It’s been a while since I posted about my other big werewolf project, Werewolves Versus. I’m happy to announce that its ninth and penultimate issue, Werewolves Versus: Suburbia is now accepting submissions!
We want short stories, artwork, comics, and even songs about lycanthropes mowing lawns and relaxing in backyard pools, shopping in malls and corner stores, living in domestic bliss and sometimes in the reinforced cage in the basement.
The submission window closes June 1st, 2021. To find out how to participate, learn about compensation, or just to see what it’s all about, check out this document.
Werewolves Versus has been going strong since its first issue back in August 2015. Over the span of the series so far it’s showcased over a million words, and dozens upon dozens of images and comic pages by over a hundred creators. Of all the things I’ve worked on in my life, Werewolves Versus is the project I’m most proud of. If you haven’t already, I encourage you to check out the many issues currently available. If you’re a creator who loves werewolves, please consider checking out this call for submissions!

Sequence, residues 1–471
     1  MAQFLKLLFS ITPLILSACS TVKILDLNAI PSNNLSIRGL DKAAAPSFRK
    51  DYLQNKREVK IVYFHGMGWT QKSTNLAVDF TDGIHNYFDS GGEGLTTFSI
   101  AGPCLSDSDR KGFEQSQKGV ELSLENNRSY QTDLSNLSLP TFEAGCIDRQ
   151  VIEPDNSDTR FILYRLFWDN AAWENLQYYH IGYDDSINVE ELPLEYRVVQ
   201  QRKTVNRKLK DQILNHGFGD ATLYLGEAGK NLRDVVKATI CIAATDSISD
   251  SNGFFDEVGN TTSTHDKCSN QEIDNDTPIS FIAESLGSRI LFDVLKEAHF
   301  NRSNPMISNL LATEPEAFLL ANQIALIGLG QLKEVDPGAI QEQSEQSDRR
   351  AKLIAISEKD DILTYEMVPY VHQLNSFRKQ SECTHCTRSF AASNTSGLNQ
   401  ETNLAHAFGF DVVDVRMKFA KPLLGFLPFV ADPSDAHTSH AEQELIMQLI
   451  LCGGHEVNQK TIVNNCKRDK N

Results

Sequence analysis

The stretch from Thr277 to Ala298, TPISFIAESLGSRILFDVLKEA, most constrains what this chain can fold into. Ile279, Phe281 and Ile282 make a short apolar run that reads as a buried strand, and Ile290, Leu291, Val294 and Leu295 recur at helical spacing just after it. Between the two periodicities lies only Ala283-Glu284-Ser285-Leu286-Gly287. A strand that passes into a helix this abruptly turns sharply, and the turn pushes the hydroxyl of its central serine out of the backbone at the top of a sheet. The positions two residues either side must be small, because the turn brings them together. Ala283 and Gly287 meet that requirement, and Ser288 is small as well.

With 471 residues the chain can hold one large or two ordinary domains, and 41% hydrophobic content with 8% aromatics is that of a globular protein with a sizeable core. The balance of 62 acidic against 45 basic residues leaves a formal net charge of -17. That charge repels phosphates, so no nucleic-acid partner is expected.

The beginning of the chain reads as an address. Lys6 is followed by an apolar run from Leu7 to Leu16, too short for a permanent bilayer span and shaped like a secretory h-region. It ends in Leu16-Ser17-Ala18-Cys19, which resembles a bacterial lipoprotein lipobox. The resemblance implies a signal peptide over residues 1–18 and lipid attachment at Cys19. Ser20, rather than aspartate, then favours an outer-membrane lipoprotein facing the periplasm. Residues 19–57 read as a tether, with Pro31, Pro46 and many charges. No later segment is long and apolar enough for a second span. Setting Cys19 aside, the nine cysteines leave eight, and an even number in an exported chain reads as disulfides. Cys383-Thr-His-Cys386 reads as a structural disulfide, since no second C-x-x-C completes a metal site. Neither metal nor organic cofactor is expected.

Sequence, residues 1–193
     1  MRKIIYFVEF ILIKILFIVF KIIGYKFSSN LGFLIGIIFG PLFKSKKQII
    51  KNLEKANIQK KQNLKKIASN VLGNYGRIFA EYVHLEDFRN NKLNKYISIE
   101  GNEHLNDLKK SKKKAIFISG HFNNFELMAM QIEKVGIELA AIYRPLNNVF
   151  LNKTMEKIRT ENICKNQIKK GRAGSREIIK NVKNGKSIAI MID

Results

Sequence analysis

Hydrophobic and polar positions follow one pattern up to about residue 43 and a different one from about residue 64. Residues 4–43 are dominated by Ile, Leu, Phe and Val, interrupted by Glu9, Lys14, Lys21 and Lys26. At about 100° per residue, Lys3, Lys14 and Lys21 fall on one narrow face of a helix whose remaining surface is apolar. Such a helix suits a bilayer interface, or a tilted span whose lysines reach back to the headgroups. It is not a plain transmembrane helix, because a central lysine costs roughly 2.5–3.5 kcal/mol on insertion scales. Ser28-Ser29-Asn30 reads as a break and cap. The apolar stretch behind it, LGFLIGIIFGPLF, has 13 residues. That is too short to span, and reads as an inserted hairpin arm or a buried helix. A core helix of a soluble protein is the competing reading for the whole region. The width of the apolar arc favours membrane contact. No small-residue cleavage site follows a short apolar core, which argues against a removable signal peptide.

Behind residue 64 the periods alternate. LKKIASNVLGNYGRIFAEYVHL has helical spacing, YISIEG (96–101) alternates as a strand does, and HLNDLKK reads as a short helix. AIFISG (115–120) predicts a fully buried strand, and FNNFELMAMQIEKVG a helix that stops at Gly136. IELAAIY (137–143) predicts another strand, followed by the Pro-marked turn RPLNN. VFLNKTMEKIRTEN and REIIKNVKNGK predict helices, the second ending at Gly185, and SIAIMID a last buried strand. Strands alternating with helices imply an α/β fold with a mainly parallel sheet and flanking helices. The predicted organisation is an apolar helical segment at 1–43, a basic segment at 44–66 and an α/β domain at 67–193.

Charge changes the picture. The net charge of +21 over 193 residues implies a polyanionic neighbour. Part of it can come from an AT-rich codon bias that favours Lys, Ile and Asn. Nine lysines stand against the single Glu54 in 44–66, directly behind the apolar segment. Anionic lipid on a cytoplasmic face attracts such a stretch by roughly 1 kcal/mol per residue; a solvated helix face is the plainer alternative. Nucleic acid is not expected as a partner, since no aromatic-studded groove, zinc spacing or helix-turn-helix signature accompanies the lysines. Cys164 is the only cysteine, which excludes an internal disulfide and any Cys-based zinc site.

Horror apparel company Cavitycolors is celebrating the 40th anniversary of the classic werewolf horror film The Howling with a new line of licensed clothing. Have you ever dreamed of wearing Eddie Quist on your legs? Now, your dreams can become… reality.
Start your day with some charmingly-delivered background on Romanian folklore! This Extra Mythology video on the pricolici and the strigoi explains how to become one of these proto-vampire-werewolf monsters: be a real asshole, then die! Okay, there are a few other steps involved, but the video explains them, and then you get to spend your nights eating sheep and terrorizing little kids. Sign me up!